He sources the ingredients from the "right suppliers that do the right thing and have good meat and high standards" rather than something "factory-farmed and hormone-fed."

"People absolutely love it," Marneweck said. "At the market, people walk back and say, 'Thank you so much. That was the best thing I've ever eaten.'"

RELATED STORIES:
5 Things to Know Before Hiring Staff for Your Small Business
How to Get Your Product Into Whole Foods
4 Lessons For Starting a Small Business From Outdoor Market Vendors

2. Find a location (cost: $125 a week)

Having a good location is critical, Marneweck said.

He toured the Smorgasburg on prior trips for his wife's academic conferences and applied to the popular Williamsburg market before moving here, but didn't land a spot. The Flea offered him space at Smorg Jr., in front of P.S. 321, on Seventh Avenue and First Street, which costs $125 a week to rent for Saturday and Sunday, and is paid on a week-to-week basis, Marneweck said.

Three of the five new vendors who started at Smorg Jr. didn't return after the first weekend since business was slow, Marneweck said. That part of Park Slope often empties on weekends. But Goa Taco plans to stay through the market's November run and has seen an uptick in business post-Labor Day.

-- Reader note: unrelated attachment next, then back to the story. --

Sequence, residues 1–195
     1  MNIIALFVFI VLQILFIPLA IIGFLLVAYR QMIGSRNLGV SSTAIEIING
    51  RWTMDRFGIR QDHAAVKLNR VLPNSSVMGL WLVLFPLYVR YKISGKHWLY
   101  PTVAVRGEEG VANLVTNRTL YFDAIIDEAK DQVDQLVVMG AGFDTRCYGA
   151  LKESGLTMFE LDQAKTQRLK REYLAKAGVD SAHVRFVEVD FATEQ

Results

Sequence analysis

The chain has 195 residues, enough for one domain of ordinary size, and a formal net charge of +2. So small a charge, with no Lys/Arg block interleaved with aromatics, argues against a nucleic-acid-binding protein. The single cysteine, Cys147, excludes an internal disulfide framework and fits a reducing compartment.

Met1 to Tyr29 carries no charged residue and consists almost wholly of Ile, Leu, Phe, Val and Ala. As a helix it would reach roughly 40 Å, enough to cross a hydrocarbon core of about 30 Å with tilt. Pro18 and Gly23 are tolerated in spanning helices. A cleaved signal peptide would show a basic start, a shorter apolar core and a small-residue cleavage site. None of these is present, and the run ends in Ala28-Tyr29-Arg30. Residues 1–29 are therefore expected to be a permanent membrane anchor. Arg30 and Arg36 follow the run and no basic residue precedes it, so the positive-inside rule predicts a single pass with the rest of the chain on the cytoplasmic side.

Now Marneweck is setting up pop-ups at bars and elsewhere, spending Labor Day weekend on the North Fork of Long Island at the Greenport Harbor Brewing Company and at Park Slope's Mission Delores last weekend. He will be at Spuyten Duyvil in Williamsburg next Thursday night.

His goal is to have a pop-up shop in someone else's space or find a short-term lease.

"At the moment, it would be impossible to lease a place. I don't have a credit rating or history here. Unless you have a ton of money to put down, it's too difficult," he said. "It was hard enough to find an apartment, never mind a commercial lease."

3. Start an LLC (cost: $1,250)
The first step in starting Marneweck's business was registering it as an LLC, or a limited liability company.

"I've never done any of that before. So, I spent hours and hours and hours on the Internet trying to get information on the steps to do it," Marneweck said.